Misty Copeland: I want to always stand proud and own the fact that I’m a black woman. It’s what gives my experience as a ballerina so many dimensions. With that said, I want respect from my competitors and peers that I’m a gifted ballerina, not just a black ballerina, unique simply for standing alone. But beyond color, I simply respect this art form and the dancers who are on a level of artistic freedom and abandonment that I admire! Even my competitors. It’s very important to me.

Misty Copeland | Onstage as an odalisque in Le Corsaire. Photo Credit- Rosalie O’Connor
Article continues below advertisement

Her Agenda: Do you have a personal mantra (or motto), if so what is it?

Misty Copeland: Be vulnerable…just enough to accept and be able to weed out qualities and words from others that you want to adapt for yourself.

Her Agenda Misty Copeland Interview
Article continues below advertisement

Her Agenda: In your career you have not only had the opportunity to perform to the musical sound of some phenomenal orchestras and composers but also alongside some incredible music artist like Prince and Patti Labelle, what is that experience like?

Misty Copeland: Those experiences are incredibly fun!! It allows me to grow as an artist by exploring ways of pushing my imagination and range. I am given a platform to reach so many beyond the ballet world, but at the same time staying true to my technique and not getting caught up in the excitement of these powerful performers.

Her Agenda: When talking about some of your inspirations you always mention that you found a lot of them while doing research. Some of the ones you found include Nora Kimball and Anne Benna Sims who were actually two of the first African-American female soloist for ABT. In this case you are actually the 3rd African-American female soloist for the company but the 1st to be highlighted in mainstream media. How important is it to do your research to further understand the importance of your role in your field?

Article continues below advertisement

Misty Copeland: There have been a lot of discrepancies with the facts when it comes to African American women in ballet. The records for some reason are not really available. Nora Kimball was the first AA soloist with ABT. Anne Benna Sims was in the corps de ballet. Courtney Lavine is currently in the corps de ballet. This makes me the second ever African American soloist with ABT. Raven Wilkinson and Janet Collins should be household names! Research is very important to me. We deserve to have our history in the ballet tradition shared and recorded!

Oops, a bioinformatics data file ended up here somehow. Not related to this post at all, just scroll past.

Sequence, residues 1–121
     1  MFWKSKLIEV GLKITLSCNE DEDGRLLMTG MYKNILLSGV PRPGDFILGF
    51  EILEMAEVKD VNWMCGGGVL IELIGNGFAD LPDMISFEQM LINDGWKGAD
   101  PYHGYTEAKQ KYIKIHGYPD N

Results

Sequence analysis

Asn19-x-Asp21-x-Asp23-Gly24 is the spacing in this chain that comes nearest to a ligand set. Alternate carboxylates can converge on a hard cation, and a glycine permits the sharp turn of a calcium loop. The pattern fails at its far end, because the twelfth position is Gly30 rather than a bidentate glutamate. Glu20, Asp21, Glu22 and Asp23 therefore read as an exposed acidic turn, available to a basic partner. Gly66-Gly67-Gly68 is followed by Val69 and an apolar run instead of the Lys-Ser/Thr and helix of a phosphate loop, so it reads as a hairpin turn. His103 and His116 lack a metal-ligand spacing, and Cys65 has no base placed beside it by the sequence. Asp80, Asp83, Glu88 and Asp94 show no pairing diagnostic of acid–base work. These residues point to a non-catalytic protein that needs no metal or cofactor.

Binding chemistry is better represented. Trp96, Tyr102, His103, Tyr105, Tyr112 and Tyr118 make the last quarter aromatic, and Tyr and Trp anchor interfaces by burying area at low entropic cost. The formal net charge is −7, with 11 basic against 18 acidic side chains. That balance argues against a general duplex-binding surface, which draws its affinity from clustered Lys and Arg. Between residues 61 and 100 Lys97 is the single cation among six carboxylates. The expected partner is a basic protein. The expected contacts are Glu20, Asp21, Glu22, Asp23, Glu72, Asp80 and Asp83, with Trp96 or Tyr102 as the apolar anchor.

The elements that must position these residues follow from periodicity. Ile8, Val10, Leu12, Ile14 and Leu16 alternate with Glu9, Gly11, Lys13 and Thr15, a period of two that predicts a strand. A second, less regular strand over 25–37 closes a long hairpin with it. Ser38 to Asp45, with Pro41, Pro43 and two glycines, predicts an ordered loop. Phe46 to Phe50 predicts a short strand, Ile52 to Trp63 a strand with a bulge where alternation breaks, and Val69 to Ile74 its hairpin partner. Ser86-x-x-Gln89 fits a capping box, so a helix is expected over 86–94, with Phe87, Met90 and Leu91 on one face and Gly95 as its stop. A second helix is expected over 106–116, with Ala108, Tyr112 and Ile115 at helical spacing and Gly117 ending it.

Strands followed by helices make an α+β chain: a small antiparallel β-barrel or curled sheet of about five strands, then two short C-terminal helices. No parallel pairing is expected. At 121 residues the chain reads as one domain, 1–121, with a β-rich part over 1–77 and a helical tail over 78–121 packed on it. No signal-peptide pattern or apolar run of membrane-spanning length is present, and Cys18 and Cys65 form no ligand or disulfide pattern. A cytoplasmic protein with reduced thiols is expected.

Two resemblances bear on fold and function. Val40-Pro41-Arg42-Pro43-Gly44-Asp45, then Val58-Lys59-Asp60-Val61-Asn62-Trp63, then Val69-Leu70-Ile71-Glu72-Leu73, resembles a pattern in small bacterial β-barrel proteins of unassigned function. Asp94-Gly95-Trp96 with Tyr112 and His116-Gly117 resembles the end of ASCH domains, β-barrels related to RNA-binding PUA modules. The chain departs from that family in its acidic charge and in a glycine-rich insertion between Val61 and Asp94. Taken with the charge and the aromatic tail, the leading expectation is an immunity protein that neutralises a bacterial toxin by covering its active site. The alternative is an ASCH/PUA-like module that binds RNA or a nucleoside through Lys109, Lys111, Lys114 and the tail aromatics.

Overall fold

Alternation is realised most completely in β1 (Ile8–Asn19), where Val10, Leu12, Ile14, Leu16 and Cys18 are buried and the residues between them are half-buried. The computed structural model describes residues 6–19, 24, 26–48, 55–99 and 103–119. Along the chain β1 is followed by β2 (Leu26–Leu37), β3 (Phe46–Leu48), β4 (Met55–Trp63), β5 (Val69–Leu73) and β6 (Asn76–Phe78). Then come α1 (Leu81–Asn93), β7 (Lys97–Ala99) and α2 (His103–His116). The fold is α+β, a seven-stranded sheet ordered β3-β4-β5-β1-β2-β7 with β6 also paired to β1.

Misty Copeland Her Agenda interview
Article continues below advertisement

Her Agenda: Lastly, your new book is entitled,“Life in Motion” where you speak very candidly about your dance career and your aim of daring to dream of a different life. As career driven millennials what advice would you give us to find the confidence to dare to dream a different life?

Misty Copeland: I think as a child most don’t realize that they can become an individual separate from what their environment or family may have created for them. It’s never too late to make changes and become the person you want to be. You create your destiny. Hard work, dedication, sacrifice, and taking risks create amazing opportunities.

Win a copy of Misty Copeland’s memoir: “Life in Motion: An Unlikely Ballerina.”


Share a moment you had to overcome adversity to achieve an important goal. Leave your story in our comments section, or share on social media with the #MistyHerAgenda tag. 

Deadline: March 31st!

UPDATE: The contest is now closed. Thank you to everyone who submitted! Congratulations to our winner Ingrid Silva!

[Editor’s note: this post was published on May 17th, 2014.]

Ambition Delivered.

Our weekly email newsletter is packed with stories that inspire, empower, and inform, all written by women for women. Sign up today and start your week off right with the insights and inspiration you need to succeed.


Latest Power Agenda News and Updates

    Link to InstagramLink to FacebookLink to XLinkedIn IconContact us by Email

    Opt-out of personalized ads

    Black OwnedFemale Founder